Review: Come Back For Me by Heidi Perks

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Genre: Thriller

Similar to: Now You See Her, The Girl on the Train… all the usual suspects

Could be enjoyed by: Thriller fans – this is definitely a good example of the genre 

Publication date: 1st June 2019

I feel like I need to start this review with an apology – I received an email giving me super early access to read this book AGES ago and I’ve only just got round to writing the review. Luckily I’ve just about managed to beat the publishing date soooo…. yay? Ooops? Not really sure. Anyway, life has taken over a bit from the blog recently so I’m sorry that I’ve not been around much and I’m sorry that it’s taken me until now to write this review – especially as I really enjoyed Come Back For Me.

Grovel over… on to the review!

Stella grew up on a tiny island just off the British mainland and had a seemingly idyllic childhood – think The Famous Five but without the racism. Then one day – completely out of the blue – her Dad decides that they all have to leave, despite the huge storm that makes it totally unsafe to travel. Despite the fact that the family survive the ferry crossing to the mainland, they’re oddly changed by their move. Stella’s parents split up, her brother moves away and severs contact, her mother dies. She has no idea what happened and longs for her picture perfect childhood home. Then one day she spots her old house on the news – it seems that a body has been found buried in the garden. Stella is both horrified and intrigued and as she struggles to understand the implications of the discovery, she realises that it’s not just human remains that have been uncovered – it’s a web of family secrets too.

I really love the way that Heidi Perks writes. Her descriptions of the island and it’s inhabitants were brilliant and I could see the kind of utopia that she’d created – all children doing wholesome activities like climbing trees whilst their mothers baked bread and hung out the washing. There was a real risk that her setting could have felt too old-fashioned for the 1990’s but it was just the right side of modern but cozy.

The family exodus takes places in the first chapter and my heart was absolutely in my mouth. The writing was so tight and the situation so dangerous that it really kicked things off with a bang. It opened up numerous possibilities for the reasons behind the family needing to urgently leave and I loved how I was immediately drawn into the novel, inventing my own theories as to what had happened straight away.

As the book progressed, the tension built brilliantly and there was a good number of red herrings thrown in to the twisty turny plot that kept me constantly re-evaluating what I thought I knew. I loved the way that island setting slowly moved away being safe and secure to being smotheringly claustrophobic once secrets started to be revealed. I actually struggled to put the book down, so much so that I put off doing some major household tasks so that I could sneakily finish it off. Sorry bathroom ceiling, you’ll have to wait for that final coat of paint!

Overall, I really enjoyed reading Come Back for Me and thought that it was a thoroughly engaging read. My only issue with the novel was with the name of the island – Evergreen. Guess what I was singing in my head every time it was mentioned…

 

 

Four “We’re gonna take this life and make it…” out of five

Really addictive, exciting and fast paced – a hard book to put down.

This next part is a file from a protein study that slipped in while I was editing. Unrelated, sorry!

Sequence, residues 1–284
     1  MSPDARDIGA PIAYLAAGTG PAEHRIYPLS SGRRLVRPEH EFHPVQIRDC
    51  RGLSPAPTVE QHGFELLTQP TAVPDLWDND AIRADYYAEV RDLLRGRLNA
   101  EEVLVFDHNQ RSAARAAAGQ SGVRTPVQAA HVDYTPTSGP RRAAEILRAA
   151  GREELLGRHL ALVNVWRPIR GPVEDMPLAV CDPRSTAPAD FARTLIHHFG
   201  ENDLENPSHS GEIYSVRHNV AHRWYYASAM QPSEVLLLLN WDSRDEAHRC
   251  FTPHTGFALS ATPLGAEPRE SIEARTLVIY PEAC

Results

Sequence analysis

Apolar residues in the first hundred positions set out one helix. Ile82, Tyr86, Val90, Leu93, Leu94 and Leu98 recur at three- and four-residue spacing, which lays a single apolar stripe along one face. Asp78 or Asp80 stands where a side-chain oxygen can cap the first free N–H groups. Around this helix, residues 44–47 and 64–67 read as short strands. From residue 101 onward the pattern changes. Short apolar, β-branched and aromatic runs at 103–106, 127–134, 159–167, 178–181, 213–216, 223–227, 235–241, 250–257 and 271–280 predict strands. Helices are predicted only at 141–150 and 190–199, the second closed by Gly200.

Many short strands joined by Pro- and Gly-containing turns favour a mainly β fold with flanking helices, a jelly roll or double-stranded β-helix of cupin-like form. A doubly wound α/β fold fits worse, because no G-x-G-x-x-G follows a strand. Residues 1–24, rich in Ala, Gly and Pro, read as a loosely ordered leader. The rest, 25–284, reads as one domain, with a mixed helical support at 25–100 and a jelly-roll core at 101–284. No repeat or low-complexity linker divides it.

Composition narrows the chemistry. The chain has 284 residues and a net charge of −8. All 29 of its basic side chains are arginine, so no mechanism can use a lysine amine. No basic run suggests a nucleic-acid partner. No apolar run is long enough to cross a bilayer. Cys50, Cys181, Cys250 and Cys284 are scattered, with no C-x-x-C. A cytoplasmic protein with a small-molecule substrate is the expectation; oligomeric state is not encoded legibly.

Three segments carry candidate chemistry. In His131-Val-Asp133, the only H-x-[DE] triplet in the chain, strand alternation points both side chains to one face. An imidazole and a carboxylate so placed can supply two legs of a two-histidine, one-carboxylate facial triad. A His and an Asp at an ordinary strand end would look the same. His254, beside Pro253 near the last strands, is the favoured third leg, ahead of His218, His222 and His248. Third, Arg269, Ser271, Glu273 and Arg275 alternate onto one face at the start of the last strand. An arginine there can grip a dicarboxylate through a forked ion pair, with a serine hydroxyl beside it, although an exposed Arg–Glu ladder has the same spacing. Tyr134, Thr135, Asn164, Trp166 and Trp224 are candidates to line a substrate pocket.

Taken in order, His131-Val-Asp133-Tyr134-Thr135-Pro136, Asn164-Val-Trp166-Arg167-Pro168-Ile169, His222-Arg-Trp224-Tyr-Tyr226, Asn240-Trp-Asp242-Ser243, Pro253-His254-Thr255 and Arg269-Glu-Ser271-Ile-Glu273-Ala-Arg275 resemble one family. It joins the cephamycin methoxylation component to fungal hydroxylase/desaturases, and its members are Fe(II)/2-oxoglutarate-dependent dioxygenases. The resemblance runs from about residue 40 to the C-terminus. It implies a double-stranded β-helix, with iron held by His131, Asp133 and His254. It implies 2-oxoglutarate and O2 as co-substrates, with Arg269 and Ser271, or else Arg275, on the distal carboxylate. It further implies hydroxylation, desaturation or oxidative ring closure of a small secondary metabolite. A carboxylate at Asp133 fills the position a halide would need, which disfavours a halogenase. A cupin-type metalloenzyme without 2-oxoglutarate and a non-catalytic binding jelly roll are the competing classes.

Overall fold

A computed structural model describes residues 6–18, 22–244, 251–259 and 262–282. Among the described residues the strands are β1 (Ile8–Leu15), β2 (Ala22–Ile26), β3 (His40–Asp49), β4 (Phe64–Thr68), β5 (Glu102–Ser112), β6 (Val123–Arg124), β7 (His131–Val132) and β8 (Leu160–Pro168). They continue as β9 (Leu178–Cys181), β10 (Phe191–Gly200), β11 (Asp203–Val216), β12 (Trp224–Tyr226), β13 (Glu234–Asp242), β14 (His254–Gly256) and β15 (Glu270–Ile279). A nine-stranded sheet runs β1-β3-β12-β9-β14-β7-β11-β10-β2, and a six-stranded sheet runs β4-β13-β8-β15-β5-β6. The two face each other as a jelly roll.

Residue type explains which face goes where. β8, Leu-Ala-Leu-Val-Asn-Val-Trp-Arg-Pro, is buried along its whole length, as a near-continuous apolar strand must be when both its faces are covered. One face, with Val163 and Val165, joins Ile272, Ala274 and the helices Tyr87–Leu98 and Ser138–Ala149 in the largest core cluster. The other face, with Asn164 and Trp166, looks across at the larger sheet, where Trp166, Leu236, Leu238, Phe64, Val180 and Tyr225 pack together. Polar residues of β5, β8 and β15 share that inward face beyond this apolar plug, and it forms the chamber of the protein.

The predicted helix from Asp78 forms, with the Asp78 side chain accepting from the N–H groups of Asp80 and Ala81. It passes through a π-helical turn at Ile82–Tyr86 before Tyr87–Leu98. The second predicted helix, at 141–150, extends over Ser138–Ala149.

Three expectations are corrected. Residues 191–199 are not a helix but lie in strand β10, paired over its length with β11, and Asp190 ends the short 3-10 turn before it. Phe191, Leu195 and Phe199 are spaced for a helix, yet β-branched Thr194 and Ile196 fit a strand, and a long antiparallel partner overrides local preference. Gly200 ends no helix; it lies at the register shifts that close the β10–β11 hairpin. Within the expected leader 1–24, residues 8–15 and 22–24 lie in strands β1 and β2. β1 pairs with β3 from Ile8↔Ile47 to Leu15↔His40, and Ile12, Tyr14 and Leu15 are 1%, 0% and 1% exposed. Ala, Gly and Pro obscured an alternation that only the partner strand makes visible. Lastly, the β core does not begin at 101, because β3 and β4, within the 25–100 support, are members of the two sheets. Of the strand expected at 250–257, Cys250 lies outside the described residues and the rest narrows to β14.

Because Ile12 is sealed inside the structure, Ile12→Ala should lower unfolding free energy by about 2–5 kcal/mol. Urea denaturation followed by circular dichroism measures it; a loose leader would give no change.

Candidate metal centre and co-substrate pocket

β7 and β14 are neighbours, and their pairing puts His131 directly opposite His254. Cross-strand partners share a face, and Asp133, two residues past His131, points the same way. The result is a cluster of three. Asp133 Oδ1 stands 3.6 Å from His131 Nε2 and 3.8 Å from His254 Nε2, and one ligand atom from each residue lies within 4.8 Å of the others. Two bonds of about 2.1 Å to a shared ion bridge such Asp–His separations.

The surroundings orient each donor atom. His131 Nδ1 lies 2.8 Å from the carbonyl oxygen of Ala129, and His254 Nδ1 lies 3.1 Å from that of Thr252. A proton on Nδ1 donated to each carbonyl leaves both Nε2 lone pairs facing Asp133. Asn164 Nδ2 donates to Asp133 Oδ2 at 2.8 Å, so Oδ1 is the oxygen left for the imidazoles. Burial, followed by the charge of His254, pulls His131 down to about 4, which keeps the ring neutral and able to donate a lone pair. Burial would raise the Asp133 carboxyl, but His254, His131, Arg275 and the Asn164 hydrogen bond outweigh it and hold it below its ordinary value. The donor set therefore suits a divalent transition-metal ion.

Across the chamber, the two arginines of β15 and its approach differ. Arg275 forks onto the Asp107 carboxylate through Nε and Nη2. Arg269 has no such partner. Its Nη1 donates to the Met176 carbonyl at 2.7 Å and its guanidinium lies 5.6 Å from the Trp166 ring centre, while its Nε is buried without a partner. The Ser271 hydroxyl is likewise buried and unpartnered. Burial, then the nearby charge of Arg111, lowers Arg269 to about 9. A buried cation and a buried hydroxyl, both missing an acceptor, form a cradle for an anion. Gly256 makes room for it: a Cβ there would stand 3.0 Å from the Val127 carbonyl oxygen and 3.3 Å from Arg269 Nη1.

Please note that I read this book for free in exchange for an honest review courtesy of NetGalley and Penguin Random House. Thanks to Natalia Cacciatore for giving me advanced access!

 

Review: Lullaby by Leila Slimani

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“The baby is dead, It only took a few seconds.”

Genre: Domestic thriller

Similar to: The Girl on the Train by Paula Hawkins

Could be enjoyed by: The happily child free (the book hits very close to home)

Publication date: 18th August 2016

Book Riot Read Harder Challenge #10 Read a translated book written by and/or translated by a woman.

I’d heard a lot about Lullaby from various different sources; what with it being the genre-du-jour (domestic thriller) and the winner of the Prix Goncourt there seemed to be a lot of buzz about it. So when I saw it in the library I couldn’t wait to start reading it – and I can honestly say that the book is well deserving of the hype.

Myriam, a French-Moroccan lawyer, is the mother of two children. Her and her husband Paul vowed not to let the kids dictate their lives but since becoming a parent Myriam has struggled with her role as stay-at-home-mum. She decides to return to work and employs Louise, a seemingly Mary-Poppins-perfect nanny. Louise is all the things that Myriam isnt; a great cook, a calm and efficient caregiver, a neat and tidy individual who leaves the apartment looking better than it ever has. But as Louise works her way further and further into Myriam and Paul’s lives, they slowly realise that no-one is perfect…

I’ve just finished reading Lullaby and I honestly couldn’t put it down. The book is super tense – claustrophobic even, written in an unusual style (you know what happens in the first few pages; the narrative then goes back to examine the events that led up to it). Even though the characters are all horrible people, you get completely drawn into their lives and I spent the whole book trying to psychologically profile them and even apportioning blame (which is a terrible, judgemental thing to do, even to fictional characters). But that’s part of the book’s charm – it forces you to look at the judgement surrounding child-rearing and it magnifies each and every lazy stereotype that we have of the clueless father, the selfish career woman, the stay-at-home mum, the immigrant domestic help, the borgeoise children, the educated liberal elite… I could go on.